- Place of origin:
Köln (city), Germany (made)
- Materials and Techniques:
- Museum number:
- Gallery location:
Medieval and Renaissance, room 8, case 10
The game of tables, or backgammon, was popular in the 11th and 12th centuries. There were 15 counters to each side, and 12th century boards inlaid with bone sections have been excavated at Gloucester and Saint-Denis. About 250 Romanesque tablemen with figurative designs survive. The game was popular throughout Northern Europe and the pieces were made in a number of different centres, with the most productive workshops based in Northern France and Cologne
They are to be found in most museums with archaeological collections and difficult to date because of their simple ornament and the unchanging nature of their design.
Tableman or backgammon piece. Disc-shaped with a high relief carving of a bearded man riding a griffin in the centre, carrying a hawk on his left wrist and holding a cloth in his right hand. There is a carved decorated border of folaite ornament around the outside edge.
Place of Origin
Köln (city), Germany (made)
Materials and Techniques
Thickness: 1.3 cm, Diameter: 5.6 cm, Weight: 0.06 kg
Object history note
The ivory was formerly in the collection of John Webb and was acquired by the museum in 1871, for £5.
Historical significance: It is stylistically related and should be grouped with four other pieces, in Paris (Louvre and Cluny), the Bargello in Florence and the Forsyth collection in Ann Arbour, Michigan. These are all of similar dimensions and subject matter and they may have belonged to the same set.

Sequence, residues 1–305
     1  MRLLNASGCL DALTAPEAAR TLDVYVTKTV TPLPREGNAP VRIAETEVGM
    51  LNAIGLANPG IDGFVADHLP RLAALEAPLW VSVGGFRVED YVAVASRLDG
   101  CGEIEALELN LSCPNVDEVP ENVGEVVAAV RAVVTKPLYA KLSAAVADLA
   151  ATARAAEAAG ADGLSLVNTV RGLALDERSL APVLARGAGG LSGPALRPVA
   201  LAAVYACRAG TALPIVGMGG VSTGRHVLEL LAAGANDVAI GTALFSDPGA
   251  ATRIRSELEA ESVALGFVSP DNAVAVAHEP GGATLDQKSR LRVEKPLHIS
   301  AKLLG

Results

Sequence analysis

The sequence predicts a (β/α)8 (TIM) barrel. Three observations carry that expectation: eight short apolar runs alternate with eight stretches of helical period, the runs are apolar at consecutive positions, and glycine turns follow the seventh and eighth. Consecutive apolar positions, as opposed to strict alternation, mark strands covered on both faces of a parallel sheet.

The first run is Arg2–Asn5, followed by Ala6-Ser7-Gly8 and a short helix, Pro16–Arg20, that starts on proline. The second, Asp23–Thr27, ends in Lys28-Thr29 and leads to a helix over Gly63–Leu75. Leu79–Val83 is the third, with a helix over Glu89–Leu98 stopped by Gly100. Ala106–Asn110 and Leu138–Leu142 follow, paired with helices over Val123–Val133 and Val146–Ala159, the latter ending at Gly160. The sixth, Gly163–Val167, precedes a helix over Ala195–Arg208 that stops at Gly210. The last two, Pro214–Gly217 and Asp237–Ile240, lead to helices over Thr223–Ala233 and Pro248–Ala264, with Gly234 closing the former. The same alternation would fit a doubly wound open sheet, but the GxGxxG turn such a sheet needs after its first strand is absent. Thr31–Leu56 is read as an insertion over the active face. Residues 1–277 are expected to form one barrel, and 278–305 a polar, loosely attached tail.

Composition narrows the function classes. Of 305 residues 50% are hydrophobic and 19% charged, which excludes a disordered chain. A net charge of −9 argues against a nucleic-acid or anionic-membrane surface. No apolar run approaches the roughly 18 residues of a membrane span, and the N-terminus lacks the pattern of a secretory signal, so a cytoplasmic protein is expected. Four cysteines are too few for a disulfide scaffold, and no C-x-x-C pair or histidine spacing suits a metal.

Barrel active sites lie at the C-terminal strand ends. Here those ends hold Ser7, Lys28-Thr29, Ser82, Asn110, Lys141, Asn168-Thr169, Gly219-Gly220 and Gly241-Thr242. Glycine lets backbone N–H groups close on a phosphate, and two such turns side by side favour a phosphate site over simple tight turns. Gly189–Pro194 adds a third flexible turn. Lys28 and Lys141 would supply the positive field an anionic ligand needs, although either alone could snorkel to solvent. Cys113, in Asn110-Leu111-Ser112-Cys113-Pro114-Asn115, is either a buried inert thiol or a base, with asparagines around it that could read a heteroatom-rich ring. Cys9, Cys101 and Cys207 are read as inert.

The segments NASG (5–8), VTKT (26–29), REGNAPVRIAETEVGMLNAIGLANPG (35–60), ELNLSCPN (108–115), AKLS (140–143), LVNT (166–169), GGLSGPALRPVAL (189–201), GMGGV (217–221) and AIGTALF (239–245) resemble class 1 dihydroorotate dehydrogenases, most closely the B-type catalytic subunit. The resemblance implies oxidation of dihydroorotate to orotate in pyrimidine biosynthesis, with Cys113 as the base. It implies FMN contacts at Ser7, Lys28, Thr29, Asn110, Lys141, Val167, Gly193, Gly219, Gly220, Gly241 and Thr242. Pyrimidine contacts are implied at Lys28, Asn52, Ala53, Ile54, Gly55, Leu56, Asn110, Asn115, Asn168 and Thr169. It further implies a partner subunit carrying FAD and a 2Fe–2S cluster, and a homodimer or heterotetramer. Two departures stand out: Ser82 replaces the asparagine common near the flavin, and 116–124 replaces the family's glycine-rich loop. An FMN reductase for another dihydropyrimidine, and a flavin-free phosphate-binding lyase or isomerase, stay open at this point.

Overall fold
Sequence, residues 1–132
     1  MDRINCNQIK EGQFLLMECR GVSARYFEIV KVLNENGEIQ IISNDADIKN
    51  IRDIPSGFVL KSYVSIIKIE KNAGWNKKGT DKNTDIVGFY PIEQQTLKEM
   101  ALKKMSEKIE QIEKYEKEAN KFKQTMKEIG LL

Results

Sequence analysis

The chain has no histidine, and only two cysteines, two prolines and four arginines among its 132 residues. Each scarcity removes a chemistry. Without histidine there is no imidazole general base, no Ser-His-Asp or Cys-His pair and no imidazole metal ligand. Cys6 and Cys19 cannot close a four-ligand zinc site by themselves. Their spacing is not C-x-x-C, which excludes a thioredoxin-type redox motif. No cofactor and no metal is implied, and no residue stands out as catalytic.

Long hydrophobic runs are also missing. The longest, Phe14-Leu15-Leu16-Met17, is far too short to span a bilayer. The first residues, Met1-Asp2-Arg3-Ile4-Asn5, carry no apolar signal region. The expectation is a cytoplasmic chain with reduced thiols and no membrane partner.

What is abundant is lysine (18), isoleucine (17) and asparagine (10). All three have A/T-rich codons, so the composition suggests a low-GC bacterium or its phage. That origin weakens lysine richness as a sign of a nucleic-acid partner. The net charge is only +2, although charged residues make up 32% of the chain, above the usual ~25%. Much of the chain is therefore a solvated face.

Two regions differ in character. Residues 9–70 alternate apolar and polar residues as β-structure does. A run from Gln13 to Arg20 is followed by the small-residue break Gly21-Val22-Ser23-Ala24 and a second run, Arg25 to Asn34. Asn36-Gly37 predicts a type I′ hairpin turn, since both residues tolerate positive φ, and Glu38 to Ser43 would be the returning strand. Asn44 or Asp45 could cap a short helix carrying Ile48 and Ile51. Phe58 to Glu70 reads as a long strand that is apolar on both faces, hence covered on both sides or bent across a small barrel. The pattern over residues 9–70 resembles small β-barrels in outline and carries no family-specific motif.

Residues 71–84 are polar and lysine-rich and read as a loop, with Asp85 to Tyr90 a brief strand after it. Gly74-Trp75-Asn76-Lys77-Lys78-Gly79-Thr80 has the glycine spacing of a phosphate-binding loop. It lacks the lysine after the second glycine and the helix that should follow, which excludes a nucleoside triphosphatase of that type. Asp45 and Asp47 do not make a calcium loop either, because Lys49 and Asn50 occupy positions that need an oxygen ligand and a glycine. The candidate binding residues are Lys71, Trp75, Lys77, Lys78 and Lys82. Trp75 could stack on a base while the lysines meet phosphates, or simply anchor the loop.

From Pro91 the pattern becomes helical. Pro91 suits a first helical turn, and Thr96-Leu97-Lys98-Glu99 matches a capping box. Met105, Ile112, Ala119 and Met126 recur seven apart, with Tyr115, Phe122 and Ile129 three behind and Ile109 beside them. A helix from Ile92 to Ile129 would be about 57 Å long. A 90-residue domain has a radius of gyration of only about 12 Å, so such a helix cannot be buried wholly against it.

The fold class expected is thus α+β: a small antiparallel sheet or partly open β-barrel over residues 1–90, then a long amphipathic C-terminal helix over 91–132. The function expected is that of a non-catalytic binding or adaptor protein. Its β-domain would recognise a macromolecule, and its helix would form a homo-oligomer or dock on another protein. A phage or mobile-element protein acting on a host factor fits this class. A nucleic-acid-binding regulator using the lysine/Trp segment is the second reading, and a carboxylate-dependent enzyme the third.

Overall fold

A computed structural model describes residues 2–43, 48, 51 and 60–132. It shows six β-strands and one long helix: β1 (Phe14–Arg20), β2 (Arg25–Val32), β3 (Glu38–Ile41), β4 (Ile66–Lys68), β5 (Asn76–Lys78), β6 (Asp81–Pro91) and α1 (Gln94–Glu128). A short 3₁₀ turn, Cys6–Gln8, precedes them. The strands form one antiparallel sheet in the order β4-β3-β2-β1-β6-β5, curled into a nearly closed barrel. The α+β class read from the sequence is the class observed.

Historical context note
This 'tableman' is a backgammon piece. Backgammon appears to have been a favourite game amongst the nobility. Carved in deep sunk relief, the subjects depicted on such games pieces include scenes from the Old Testament, scenes from classical antiquity and fantastic creatures.
Tableman or backgammon piece, walrus ivory, high relief carving of a man riding a griffin, Germany, Cologne, second half of 12th century
Bibliographic References (Citation, Note/Abstract, NAL no)
V. Mann. [ Ph.D, dissertation]Romanesque Ivory Tableman. New York University, 1977. cat. no. 147
List of Objects in the Art Division, South Kensington, Acquired During the Year 1871, Arranged According to the Dates of Acquisition. London : Printed by George E. Eyre and William Spottiswoode for H.M.S.O. p. 31.
Longhurst, Margaret H. Catalogue of Carvings in Ivory. London: Published under the Authority of the Board of Education, 1927-1929. Part I. p. 82.
Goldschmidt, A. Die Elfenbeinskulpturen aus romanischen Zeit. XI. Bis XIII. Jahrhundert (Elfenbeinskulpturen III), Berlin, 1923 (reprinted, Berlin, 1972), p. 10, cat.no. 234, pl. LVI
Williamson, Paul. Medieval Ivory Carvings. Early Christian to Romanesque. London, V&A Publishing, Victoria and Albert Museum, 2010, pp. 428, 9 , cat.no. 114
Man; Griffin; Hawk